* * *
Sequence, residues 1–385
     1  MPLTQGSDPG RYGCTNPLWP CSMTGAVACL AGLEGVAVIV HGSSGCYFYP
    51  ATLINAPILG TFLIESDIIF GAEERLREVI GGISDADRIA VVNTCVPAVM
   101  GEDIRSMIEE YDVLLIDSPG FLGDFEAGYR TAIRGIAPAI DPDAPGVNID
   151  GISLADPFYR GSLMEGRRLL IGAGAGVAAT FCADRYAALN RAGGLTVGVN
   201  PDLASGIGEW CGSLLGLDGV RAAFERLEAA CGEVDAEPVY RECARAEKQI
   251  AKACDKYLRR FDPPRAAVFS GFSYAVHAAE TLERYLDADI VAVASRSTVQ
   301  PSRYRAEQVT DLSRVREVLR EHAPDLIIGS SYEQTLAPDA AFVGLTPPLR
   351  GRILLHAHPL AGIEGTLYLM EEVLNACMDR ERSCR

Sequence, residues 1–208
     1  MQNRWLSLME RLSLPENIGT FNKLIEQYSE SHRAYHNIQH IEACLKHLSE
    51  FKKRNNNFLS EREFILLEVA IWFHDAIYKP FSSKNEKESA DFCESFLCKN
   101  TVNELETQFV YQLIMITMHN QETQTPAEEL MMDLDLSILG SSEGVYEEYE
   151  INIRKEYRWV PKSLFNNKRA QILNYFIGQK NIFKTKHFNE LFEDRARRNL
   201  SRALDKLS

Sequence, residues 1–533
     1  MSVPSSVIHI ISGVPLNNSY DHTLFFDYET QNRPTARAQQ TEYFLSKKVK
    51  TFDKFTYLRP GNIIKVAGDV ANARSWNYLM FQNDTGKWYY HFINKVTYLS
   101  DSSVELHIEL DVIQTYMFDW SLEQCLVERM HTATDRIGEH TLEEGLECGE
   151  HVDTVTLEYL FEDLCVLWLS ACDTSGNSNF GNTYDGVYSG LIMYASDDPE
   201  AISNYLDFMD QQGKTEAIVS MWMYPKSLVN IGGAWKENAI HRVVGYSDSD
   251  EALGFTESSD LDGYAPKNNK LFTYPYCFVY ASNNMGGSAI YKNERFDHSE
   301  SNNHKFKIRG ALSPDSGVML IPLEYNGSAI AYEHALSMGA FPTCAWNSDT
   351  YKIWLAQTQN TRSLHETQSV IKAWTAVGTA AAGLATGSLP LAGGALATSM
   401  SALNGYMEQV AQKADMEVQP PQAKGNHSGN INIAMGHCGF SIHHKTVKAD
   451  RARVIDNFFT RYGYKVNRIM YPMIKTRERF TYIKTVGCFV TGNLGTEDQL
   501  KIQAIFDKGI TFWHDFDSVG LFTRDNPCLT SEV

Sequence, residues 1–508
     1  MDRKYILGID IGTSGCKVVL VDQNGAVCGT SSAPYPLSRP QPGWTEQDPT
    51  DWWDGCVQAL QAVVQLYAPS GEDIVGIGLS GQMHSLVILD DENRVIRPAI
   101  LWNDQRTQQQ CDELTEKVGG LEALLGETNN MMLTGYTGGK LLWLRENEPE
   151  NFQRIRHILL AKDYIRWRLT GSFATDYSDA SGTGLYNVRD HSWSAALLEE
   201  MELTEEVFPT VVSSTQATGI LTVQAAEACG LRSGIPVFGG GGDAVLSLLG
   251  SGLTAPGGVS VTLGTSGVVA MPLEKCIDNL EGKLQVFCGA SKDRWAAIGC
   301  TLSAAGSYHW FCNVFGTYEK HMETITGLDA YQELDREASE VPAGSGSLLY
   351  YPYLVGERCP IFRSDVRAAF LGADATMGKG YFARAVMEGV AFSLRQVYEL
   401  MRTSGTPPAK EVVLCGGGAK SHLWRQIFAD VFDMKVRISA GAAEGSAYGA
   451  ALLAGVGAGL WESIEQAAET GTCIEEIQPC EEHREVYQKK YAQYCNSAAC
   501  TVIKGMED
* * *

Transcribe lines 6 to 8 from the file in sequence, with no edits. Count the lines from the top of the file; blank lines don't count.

   201  PDLASGIGEW CGSLLGLDGV RAAFERLEAA CGEVDAEPVY RECARAEKQI
   251  AKACDKYLRR FDPPRAAVFS GFSYAVHAAE TLERYLDADI VAVASRSTVQ
   301  PSRYRAEQVT DLSRVREVLR EHAPDLIIGS SYEQTLAPDA AFVGLTPPLR